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Sunday, May 28, 2017

Don't fret about Brexit. These are the really scary things you should be thinking about

Over the last few weeks a few things have happened that should scare the living daylights out of those people who devise Government policy. None of events should be surprising for those of us who study the Ageing Business. It is tragic that politicians, of all sides of the political spectrum,  are not so well informed.

The Conservative Party proposed a change to the way that care is funded. After a few days it dropped the ideas because of the media backlash. You could argue that the policy was introduced in a cack-handed way, but in truth it shows the difficulty in overtly changing the rules on who pays what. and when, to fund ageing. It is much easier to change the rules that very few people understand or care about. Things like the cross subsidisation by private payers of stated funded recipients of care. Most people's eyes glaze over when you talk about this because they haven't a clue what you are talking about.

The second thing that occurred was that the World Economic Forum published a paper showing the huge gap between what is being saved to fund retirement and what is required.  To support a reasonable level of income in retirement, 10%-15% of an average annual salary needs to be saved. That is far, far higher than is achieved by most people, other than those who work for the state and who have the taxpayer funding  their retirement. (for now)

Then there is the laudable case of the person who has been asked by the government to encourage companies to employ more older people and who started a venture to publish the employment stats of its the UK's large companies. These are really scary.

The only way that it is possible to make the government funding data look half sensible is to keep increasing that age that people retire. There is now an unstoppable force that will raise the age that people receive a pension towards 70 and beyond.

This is the data for some of the UK's largest and most enlightened employers

Aviva employs 15,872 employees, of these 46 are aged between 65 and 69.
Barclays employs 52,997, of these 149 are aged between 65 and 69.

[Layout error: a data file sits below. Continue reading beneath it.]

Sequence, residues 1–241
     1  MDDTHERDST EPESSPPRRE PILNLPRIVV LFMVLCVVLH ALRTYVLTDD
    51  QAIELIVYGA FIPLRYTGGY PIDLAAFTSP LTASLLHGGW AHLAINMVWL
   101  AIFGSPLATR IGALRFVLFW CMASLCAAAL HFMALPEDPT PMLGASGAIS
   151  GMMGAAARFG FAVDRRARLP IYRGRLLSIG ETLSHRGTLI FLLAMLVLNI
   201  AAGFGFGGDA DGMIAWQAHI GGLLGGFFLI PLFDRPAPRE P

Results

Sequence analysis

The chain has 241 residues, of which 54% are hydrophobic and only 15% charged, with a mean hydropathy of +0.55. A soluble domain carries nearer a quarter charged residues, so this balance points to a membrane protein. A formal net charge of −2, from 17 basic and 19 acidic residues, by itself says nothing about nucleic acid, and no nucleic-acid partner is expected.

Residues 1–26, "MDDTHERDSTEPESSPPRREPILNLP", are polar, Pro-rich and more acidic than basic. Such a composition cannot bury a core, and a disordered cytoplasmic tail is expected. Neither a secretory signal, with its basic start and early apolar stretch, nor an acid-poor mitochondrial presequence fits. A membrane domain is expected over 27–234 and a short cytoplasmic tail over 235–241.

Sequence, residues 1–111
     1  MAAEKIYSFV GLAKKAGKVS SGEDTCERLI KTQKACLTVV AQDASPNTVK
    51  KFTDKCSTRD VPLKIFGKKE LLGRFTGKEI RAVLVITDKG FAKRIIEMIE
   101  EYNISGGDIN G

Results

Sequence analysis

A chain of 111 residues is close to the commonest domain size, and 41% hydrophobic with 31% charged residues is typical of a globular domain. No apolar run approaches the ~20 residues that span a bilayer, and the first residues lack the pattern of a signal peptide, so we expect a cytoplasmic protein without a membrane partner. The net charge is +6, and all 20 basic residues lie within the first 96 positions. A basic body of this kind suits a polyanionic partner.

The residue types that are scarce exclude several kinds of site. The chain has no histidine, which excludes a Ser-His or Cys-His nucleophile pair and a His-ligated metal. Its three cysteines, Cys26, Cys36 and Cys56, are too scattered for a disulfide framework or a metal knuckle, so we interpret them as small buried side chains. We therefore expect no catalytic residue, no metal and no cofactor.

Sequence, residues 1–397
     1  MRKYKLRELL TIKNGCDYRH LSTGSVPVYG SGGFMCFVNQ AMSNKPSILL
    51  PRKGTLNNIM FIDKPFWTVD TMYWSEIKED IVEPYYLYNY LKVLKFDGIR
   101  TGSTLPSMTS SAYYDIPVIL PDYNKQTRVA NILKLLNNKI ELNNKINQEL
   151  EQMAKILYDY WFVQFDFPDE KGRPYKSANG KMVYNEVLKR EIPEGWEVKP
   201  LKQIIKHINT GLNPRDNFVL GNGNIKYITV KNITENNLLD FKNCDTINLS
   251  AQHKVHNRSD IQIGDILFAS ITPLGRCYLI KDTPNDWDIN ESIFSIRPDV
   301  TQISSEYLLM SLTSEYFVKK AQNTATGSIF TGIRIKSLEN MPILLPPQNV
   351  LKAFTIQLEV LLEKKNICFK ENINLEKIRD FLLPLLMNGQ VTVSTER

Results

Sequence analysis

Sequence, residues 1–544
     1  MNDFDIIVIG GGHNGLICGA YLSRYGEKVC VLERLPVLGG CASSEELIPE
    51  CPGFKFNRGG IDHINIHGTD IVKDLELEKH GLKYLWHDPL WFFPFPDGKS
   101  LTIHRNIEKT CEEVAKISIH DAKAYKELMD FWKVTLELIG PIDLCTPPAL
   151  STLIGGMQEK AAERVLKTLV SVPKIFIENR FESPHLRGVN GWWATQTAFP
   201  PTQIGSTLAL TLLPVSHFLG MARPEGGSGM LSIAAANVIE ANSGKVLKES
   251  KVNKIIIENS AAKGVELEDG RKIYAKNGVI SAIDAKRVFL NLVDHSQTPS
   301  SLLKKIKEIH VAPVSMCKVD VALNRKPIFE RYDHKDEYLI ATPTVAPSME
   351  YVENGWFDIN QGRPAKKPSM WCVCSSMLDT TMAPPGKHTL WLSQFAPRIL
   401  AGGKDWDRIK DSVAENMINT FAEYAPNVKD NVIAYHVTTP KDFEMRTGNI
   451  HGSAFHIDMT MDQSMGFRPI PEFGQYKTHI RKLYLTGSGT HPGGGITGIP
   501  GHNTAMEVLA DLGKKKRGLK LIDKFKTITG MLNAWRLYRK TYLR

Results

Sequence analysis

Boots employs 67,202 employees, of these 968 are aged between 65 and 69.
The Co-op employs 67,031 employees, of these 1186 are aged between 65 and 69

Just in case your maths is not too good, it means that these four companies, employ way less than 2,500 people aged 65-69. Mmmmm

See the problem?

Finally, it has just been announced that BT is having huge problems in funding its pension scheme. The result of this is that funding pensions is now impacting its day-to-day operational plans.

There is massive structural inertia that is stopping us tackling any of these mega issues. You don't pass a law, snap your fingers and it changes. Even if you really, really wanted to get people to save more of their retirement, for companies to employ more older people, or change the way pensions are paid, it is going to take 5-10 years before you see much change.

Nearly forgot. There was one other interesting item of news published last week, by the ONS, that showed the parts of the UK that are net recipients of taxpayers money. It is much easier to state the findings of the research the other way around - London and the South East of England fund the rest of the UK. It is as simple as that. Wales, Northern Ireland, Scotland and all places north of the M25 are funded by the folks down in London and the South East.

So does any of this matter to those of us employed in marketing? The simple answer is in the short-term NO - in the long-term YES. If you are only concerned about the short term then I suggest you have another coffee, glass of wine or whatever you are drinking, spend a few hours on social media stuff and all will be well.

 If you want to get a glimpse into the long term implications of these mega trends then get onto Amazon and buy my latest and final book about the Ageing Business (This I Know). Dick Stroud

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